Anyway, AAs getting swept away is why we now have the HBCUs full of the ABC mindset and behavior on the parts of the students and the faculty and I'd bet a lot of it is also at the white Ivy League schools too among some AA students BECAUSE a lot of them think that's normal thought and behavior if you're an AA.

As I keep saying: The crux of this issue is IDENTITY. AAs do not know who or what they are. They don't really know HOW they're supposed to think or behave so any behavior will do as long as it doesn't seem "white" or might oppose whites or make whites mad. LOL! This is why as soon as a loudmouthed AA labels any behavior as "acting white," many typical AAs want to disconnect from it. And this is really where it becomes insane.

Most AAs emulate whites, especially the bad and the ugly aspects of whites, because it's just easier for undisciplined people to copy the bad and the ugly. But the fact is that AAs are the product of AMERICAN culture and whites have dominated American culture for centuries. Whites emulate the better aspects of AAs also.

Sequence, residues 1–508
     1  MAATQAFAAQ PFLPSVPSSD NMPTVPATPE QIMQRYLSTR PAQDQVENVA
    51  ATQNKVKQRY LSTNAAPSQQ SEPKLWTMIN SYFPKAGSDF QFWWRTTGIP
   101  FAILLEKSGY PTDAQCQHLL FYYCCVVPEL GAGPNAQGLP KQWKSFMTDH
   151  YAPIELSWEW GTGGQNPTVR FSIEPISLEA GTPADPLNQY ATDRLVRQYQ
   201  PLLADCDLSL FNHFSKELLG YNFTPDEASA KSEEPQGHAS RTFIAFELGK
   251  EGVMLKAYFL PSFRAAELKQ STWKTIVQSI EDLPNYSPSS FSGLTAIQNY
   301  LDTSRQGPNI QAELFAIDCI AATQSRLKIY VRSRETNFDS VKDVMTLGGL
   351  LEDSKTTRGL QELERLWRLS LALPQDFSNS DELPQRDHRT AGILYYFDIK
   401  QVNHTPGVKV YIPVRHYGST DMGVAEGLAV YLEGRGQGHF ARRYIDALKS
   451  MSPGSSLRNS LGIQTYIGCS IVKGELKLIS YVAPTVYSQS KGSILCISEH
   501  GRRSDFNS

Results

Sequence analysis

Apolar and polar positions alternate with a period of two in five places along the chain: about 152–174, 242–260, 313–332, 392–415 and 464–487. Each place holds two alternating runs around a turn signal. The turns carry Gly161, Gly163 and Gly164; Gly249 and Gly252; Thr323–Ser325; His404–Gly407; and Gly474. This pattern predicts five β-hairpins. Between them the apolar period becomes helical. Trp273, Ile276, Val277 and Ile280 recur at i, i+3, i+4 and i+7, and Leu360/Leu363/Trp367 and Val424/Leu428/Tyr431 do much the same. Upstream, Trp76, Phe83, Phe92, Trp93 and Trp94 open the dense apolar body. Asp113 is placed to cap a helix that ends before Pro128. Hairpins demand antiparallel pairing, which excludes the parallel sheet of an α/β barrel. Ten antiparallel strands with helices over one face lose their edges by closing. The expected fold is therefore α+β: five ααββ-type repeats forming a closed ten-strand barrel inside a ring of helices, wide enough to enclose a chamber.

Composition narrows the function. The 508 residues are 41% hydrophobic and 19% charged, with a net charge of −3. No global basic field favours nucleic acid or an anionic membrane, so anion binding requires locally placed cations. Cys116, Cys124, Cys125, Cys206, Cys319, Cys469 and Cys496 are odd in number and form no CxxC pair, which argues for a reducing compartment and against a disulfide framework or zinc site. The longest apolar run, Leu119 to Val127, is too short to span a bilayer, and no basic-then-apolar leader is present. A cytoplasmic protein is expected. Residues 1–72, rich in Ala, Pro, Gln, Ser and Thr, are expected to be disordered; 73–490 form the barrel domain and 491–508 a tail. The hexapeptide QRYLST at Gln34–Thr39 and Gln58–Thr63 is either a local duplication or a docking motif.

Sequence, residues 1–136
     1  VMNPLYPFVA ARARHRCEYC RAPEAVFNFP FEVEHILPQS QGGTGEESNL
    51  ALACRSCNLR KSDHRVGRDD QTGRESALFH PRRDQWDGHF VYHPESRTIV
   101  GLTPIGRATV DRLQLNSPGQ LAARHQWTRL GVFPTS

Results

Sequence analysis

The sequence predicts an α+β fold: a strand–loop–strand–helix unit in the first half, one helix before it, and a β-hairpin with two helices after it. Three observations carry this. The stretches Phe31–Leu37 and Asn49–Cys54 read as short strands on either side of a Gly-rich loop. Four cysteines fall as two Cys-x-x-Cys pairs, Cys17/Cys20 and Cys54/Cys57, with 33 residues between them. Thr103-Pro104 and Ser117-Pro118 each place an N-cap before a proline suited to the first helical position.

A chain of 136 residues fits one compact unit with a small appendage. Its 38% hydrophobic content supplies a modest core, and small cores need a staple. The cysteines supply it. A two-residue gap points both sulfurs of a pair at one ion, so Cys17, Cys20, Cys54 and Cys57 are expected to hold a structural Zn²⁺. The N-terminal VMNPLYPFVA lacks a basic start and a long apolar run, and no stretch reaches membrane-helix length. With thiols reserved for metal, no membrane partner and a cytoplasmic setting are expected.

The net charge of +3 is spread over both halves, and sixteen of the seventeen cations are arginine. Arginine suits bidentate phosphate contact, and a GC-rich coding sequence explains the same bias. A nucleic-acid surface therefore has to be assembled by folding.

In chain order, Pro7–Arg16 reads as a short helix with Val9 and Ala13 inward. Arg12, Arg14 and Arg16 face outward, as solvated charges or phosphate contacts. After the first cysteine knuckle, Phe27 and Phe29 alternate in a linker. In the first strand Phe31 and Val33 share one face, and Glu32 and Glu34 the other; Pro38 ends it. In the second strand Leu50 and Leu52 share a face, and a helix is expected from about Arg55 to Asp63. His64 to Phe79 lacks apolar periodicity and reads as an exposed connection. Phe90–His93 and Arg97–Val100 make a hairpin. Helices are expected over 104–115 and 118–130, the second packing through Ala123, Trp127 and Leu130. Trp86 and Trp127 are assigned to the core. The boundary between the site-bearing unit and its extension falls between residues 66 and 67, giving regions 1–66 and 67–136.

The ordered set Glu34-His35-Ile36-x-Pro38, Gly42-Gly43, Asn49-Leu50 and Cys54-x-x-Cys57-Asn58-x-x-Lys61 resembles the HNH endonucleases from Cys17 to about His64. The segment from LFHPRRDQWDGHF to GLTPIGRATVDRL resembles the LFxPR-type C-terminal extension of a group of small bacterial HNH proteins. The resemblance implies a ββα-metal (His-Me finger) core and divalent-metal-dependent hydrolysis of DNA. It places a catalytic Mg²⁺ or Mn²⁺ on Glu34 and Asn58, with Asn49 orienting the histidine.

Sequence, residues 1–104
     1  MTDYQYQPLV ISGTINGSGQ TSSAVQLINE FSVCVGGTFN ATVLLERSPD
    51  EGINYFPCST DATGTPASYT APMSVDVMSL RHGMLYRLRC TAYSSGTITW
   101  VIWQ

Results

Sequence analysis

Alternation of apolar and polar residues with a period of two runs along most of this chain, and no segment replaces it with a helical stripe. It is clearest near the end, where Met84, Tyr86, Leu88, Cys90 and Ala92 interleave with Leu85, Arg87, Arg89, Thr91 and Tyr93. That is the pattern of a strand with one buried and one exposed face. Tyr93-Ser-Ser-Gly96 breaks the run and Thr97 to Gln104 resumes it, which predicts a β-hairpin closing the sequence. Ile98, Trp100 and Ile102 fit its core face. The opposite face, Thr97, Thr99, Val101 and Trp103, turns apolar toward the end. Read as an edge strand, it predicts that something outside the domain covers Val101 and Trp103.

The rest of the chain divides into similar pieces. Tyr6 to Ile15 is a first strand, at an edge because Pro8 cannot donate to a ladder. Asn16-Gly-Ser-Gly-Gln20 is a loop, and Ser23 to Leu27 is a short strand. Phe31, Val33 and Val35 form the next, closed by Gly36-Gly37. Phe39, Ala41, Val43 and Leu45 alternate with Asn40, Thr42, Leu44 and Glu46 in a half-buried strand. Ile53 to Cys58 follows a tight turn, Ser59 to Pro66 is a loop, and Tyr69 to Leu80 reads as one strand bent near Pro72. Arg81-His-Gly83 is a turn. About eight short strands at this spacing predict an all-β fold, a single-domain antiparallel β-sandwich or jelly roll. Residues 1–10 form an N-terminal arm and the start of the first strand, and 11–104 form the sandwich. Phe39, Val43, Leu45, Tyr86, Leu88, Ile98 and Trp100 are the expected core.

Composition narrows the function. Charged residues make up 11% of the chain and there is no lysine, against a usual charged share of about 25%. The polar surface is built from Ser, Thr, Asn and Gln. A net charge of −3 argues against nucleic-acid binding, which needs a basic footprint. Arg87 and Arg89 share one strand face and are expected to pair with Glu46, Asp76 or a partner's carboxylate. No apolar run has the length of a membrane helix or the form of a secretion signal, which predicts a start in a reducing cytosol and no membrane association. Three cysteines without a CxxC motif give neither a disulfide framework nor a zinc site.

Like the Amish, whites generally "pick and choose" what they want to copy from other groups. They tend to choose those aspects of AA ways that will enhance them in some way or further their goals. I'm not exactly a Star Trek devotee, but isn't that what that species "the BORGs" do? I've lived for portions of my life around the Amish and I've studied their ways. They evaluate the long term effects of copying any behavior from other whites around them before they do it. And this is why they live quite well in the various pockets they live in around the country without changing much at all about their ways.

On this note, my ex-husband used to always point out how when whites first went into Africa, they copied many of the better aspects of ancient African civilizations and brought it back to Europe and claimed it as "European." And much of this is documented by various white historians in old books & manuscripts, like in the Vatican and other museum libraries.

Groups copy from each other all of the time. But this love-hate relationship with whites makes AAs look silly to whites and other groups because they all know we're emulating present day whites. So many AAs are still trying to act like they're not. So much of the ABC behavior is based on pretending to act "un-white" and like these distorted black caricatures. These ABCs are fighting white people in a war that's been over for a LONG time. SMH

Anyway, Khadija--you've outlined Sojourner's Path. It IS a compass. Many AA women will fare MUCH, MUCH better if they follow that path.